28 February 2015 | Online since 2003



NFU President: TB destroying farm business and it must be stopped


More has to be done to stop TB from destroying farming businesses. With one Dorset farmer set to lose nearly a quarter of his dairy herd to the disease, NFU President Meurig Raymond said he would be taking this message to the heart of government.

Today is just one example of what is happening on farms across endemic TB areas, it is a farm with a closed herd; no cattle are brought on to farm. The only TB disease route is the badger setts that surround these fields.

Without the ability to control these badgers farmers are fighting to protect their cattle from a terrible disease with their hands tied firmly behind their backs.

This TB breakdown only goes to emphasise the importance of controlling the reservoir of TB in wildlife. The decision not to extend the pilot culls is a bitter disappoint to farmers like Paul. Without being able to control the wildlife which is spreading disease to their cattle they are rightly hugely frustrated and angry. It has a strangle-hold on their business.

Farmers continue to bear the brunt of regulations too. More and more we are seeing tighter cattle controls introduced but they are pointless without also tackling this disease in badgers.

I remain very concerned about the conclusions drawn in Independent Expert Panel report published last week. It has skewed the government’s decision on the wider use of the badger control policy.

While the IEP did outline accurately the challenges faced by those delivering the badger cull pilots, it has also made many assumptions based on anecdote, unpublished work which hasn’t been peer reviewed, or selective use of evidence.

It’s conclusions on humaneness and effectiveness are simply not reflected in the experiences of those people on the ground.

What is clear is that we need to look at other ways of controls badgers if we are to reduce TB in cattle. I will be visiting Ireland to look at how they have achieved success in reducing badger numbers and TB. The NFU is also committed to doing its own analysis of all of the evidence to help find a way forward for the current policy.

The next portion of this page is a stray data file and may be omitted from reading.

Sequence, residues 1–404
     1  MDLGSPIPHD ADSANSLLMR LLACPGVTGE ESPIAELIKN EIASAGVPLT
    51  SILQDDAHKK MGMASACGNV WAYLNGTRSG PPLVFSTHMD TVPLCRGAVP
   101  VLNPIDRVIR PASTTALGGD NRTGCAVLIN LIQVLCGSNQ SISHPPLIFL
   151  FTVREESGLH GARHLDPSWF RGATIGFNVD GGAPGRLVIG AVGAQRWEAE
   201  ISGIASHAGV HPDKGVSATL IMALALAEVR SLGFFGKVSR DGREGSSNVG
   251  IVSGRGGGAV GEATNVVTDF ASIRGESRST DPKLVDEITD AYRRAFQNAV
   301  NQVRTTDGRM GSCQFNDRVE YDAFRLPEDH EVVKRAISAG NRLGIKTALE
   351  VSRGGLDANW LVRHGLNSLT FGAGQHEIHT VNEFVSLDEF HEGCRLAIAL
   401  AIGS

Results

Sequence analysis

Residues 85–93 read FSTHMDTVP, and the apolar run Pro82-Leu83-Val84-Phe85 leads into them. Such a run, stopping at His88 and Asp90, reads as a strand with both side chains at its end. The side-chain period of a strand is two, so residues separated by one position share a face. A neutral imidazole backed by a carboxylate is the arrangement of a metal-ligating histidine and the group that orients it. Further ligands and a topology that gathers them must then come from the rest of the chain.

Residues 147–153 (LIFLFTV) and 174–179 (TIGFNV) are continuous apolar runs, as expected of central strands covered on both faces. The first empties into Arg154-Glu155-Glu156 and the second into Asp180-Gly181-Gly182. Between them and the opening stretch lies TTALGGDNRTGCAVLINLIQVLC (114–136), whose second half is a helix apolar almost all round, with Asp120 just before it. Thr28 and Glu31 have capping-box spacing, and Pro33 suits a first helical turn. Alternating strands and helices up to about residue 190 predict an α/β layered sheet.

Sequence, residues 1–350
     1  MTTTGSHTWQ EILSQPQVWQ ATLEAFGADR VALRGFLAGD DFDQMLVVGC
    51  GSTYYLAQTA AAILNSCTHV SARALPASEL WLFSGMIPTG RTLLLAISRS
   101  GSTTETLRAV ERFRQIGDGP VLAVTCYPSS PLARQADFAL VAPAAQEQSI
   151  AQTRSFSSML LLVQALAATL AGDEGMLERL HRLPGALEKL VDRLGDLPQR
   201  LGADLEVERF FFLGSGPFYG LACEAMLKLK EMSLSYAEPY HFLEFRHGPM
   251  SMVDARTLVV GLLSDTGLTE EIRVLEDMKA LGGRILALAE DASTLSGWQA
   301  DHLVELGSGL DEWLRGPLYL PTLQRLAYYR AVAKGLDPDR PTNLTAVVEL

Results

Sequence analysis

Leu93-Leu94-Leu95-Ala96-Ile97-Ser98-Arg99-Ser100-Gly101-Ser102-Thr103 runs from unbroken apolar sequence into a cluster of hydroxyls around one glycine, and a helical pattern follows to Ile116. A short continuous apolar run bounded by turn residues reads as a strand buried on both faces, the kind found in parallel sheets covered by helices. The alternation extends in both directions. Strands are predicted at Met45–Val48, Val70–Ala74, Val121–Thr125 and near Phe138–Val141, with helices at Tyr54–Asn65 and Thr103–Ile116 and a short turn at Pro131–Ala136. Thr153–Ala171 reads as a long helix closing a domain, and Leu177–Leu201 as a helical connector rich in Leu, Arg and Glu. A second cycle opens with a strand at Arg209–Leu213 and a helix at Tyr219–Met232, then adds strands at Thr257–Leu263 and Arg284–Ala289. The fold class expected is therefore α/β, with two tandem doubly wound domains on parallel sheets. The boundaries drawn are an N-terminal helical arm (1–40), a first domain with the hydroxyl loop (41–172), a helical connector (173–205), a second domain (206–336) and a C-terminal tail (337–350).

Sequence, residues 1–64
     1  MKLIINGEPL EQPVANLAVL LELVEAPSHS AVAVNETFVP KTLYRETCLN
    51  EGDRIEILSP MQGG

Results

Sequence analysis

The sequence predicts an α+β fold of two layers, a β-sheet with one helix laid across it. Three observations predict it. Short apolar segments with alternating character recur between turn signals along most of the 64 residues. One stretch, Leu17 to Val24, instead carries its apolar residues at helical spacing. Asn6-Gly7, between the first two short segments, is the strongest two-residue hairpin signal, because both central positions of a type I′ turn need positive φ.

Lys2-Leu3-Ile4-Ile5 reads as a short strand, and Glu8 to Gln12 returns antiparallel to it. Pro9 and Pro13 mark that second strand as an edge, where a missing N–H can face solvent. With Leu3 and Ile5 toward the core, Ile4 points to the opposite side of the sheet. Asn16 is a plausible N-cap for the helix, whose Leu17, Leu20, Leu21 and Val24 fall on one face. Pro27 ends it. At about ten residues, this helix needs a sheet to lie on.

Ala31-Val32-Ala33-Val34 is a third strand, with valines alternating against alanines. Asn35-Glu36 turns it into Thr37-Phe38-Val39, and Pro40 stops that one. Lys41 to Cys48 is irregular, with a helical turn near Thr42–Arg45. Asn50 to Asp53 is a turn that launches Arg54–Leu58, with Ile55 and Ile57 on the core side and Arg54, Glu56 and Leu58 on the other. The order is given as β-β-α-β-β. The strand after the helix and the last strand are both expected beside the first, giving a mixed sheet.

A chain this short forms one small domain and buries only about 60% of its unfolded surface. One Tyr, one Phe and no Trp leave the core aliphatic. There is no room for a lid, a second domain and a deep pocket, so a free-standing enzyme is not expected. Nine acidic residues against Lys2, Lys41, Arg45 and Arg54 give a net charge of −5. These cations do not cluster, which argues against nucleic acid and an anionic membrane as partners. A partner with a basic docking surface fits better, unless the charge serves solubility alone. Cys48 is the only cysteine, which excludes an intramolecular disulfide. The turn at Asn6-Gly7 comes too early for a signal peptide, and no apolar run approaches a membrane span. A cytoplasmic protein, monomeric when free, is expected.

The pilot culls in Somerset and Gloucestershire were carried out by well-trained, experienced contractors and required huge levels of commitment in the face of unacceptable intimidation and harassment by protestors.

We remain confident that these pilots will help to deliver a reduction of TB in cattle as planned. And it is vital that they are allowed to be successfully completed so they can deliver the expected reductions in TB in cattle.

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Comments


12-04-2014 15:43 PM | Posted by: Clued-Up
It doesn't help farmers to claim that badgers must be responsible for bTB infections in a closed herd because cattle aren't bought in. Closed herds are at lower risk of bTB than herds where cattle are bought in - but they are still at risk.

This article appears to be about the Gould farm, reported as having bTB outbreaks over the last 7 years. Obviously SOMETHING is badly wrong on this farm (and has been for some time). This and similar articles NEVER explain what the Goulds have already done to try to root out cattle bTB amongst their animals. Many farmers would like to know.

We know the current bTB test misdiagnoses 20% cattle every time it's used; also repeated applications of the test in the same herd (like once every 2 months) increases the potential risk of misdiagnosis. We haven't been told whether the Goulds have tried using the newish, more sensitive blood test to track down any unidentified infected cattle which are continuing to infect their herd-mates. If they have used this test to cross-check the flawed bTB that repeatedly condemns their cattle, what were the results? How did they inform the Goulds' fight back against the cattle bTB problem?

We haven't been told whether the Goulds have called in a vet consultant specialising in bTB disease control for a "second opinion". That's an obvious step to take. Paying for a vet consultant's expert advice on how to clear out bTB from the farm would be a lot cheaper than paying the costs of losing 36 cows in one outbreak alone.

We haven't been told whether the Goulds have brought in a bio-security specialists to assess the particular disease risks on their farm and oversee the removal of these risks. This should have been done after the second bTB outbreak at the latest - was it?


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